Starting the CD off is The Infliktors- Where'd You Get That Cigarette 7" backed with Everybody Wants To Survive. Admittedly, I know little about this band and there is little to be found beyond the Ace of Heart singles and two live tracks from the essential Boston rock compilation: Live at the Rat . The band began in 1978 and disbanded shortly after.
From the first note of the CD the song Where'd You Get That Cigarette grabs you. Combining hints of blues, 70's glam, emerging english punk and 70's funk the track the sound is very seductive. The vocals are Handsome Dick Manitoba -ish (The Dictators) and dead-on to the instrumentation that swings from subdued and easy blues to searing and expansive rock. At the bridge you get a taste of a Boston tradition, chicken scratch, metallic guitar clucking. Now I know where Boston's The Rings got some of there lick's and many other Boston bands to come.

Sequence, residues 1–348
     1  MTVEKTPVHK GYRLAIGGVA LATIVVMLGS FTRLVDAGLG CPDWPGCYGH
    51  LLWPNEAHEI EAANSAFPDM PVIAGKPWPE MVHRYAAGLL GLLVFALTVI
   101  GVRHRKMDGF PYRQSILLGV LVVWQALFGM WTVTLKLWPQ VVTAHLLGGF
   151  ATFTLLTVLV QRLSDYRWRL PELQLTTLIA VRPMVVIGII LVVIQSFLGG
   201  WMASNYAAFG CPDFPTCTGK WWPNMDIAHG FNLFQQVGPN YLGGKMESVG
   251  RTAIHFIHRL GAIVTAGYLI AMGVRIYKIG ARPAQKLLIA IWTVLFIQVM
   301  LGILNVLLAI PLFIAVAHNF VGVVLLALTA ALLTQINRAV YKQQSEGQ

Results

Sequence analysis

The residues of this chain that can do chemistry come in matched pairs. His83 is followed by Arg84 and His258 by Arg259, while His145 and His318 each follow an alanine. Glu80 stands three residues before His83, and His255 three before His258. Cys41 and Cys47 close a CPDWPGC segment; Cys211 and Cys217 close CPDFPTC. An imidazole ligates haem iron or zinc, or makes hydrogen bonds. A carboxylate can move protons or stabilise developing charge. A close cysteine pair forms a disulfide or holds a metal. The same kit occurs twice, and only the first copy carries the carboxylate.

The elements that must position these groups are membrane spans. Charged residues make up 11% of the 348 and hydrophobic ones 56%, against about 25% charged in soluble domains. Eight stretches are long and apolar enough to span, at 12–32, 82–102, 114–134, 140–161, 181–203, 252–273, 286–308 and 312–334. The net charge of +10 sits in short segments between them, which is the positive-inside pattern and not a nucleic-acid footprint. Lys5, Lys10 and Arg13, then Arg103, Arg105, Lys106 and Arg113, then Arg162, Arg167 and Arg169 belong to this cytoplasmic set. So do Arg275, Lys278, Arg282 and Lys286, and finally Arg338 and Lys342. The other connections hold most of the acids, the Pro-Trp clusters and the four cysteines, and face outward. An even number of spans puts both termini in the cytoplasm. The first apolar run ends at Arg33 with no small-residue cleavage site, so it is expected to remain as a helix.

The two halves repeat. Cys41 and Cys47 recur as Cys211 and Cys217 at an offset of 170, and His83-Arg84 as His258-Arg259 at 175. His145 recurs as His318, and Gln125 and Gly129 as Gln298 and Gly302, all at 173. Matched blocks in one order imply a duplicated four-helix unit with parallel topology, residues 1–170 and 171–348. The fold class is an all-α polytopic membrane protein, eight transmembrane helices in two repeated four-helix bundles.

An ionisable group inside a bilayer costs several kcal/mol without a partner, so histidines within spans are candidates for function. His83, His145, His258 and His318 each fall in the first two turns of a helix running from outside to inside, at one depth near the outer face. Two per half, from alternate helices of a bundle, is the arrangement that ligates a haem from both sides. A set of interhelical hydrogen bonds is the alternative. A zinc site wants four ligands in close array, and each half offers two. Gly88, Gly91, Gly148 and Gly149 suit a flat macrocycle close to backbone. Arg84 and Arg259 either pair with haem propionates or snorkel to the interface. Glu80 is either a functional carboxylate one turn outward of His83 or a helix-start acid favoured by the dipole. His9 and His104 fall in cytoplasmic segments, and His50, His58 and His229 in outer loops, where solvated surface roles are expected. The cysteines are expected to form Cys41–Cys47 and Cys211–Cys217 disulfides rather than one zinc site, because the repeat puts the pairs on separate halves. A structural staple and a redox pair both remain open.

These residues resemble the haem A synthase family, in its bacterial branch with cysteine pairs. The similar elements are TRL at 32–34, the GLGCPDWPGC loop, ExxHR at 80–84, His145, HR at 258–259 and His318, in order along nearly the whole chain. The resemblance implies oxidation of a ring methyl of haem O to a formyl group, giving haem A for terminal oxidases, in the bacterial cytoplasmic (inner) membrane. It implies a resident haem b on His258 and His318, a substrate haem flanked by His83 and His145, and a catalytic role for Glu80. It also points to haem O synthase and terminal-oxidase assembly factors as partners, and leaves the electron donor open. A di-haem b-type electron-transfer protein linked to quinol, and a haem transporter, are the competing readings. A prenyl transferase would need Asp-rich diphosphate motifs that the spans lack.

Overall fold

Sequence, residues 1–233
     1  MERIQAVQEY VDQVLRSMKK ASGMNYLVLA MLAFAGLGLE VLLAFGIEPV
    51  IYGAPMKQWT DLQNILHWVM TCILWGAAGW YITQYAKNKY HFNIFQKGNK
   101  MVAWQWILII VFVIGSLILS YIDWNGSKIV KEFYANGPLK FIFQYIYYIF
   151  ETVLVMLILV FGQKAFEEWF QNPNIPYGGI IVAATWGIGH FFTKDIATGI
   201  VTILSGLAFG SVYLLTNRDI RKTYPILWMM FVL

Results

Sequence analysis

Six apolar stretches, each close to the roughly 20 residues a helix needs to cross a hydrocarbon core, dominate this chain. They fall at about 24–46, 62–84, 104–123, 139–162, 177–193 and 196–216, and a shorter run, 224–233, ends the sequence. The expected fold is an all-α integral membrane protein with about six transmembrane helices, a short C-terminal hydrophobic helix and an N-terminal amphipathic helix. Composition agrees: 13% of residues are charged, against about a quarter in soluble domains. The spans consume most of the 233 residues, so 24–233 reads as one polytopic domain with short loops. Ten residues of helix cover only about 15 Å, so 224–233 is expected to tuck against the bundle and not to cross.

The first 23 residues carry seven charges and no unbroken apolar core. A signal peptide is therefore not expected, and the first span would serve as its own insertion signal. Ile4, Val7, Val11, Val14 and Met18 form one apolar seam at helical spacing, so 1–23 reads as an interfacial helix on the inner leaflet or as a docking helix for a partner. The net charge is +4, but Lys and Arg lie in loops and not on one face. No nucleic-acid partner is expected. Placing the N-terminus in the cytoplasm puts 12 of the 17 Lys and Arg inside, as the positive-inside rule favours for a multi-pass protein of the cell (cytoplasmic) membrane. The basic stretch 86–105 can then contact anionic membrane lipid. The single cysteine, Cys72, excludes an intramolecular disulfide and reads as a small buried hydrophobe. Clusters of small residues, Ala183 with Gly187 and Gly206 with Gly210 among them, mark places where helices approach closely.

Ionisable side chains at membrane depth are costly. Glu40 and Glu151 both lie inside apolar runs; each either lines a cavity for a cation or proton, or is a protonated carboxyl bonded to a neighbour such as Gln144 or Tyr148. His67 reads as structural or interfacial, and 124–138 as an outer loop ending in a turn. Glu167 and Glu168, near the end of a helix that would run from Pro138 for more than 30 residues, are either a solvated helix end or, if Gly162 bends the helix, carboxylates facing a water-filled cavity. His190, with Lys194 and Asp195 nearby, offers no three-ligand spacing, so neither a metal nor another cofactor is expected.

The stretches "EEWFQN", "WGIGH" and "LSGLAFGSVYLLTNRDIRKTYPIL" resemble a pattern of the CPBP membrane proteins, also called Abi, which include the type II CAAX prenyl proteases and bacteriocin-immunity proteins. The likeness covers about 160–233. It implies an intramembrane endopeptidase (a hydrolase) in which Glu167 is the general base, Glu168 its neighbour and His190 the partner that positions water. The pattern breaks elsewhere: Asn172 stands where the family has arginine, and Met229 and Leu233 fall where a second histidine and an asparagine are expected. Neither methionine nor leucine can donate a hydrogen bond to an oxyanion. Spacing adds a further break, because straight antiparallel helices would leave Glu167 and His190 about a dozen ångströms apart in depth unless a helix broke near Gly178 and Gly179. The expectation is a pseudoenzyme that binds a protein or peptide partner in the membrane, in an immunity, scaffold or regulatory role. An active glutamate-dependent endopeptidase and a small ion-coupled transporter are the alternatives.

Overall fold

The Infliktors B-side is another great song, Everybody Wants to Survive. The song is slow and bluesy with a personal feel. There is a sing-a-long quality to the arrangement. Both songs from The Infliktors have a intimate feel to the production like you are at the session and the song is being played just for you and you are treated to a fantastic jam. This is not fake emotions. This is the real deal. The lyrics are sympathetic to the things that all of us have to do to get by. The song plays like the band's own farewell to rock and roll and a realization that dreams get put on hold, just to survive and life doesn't always play out as planned.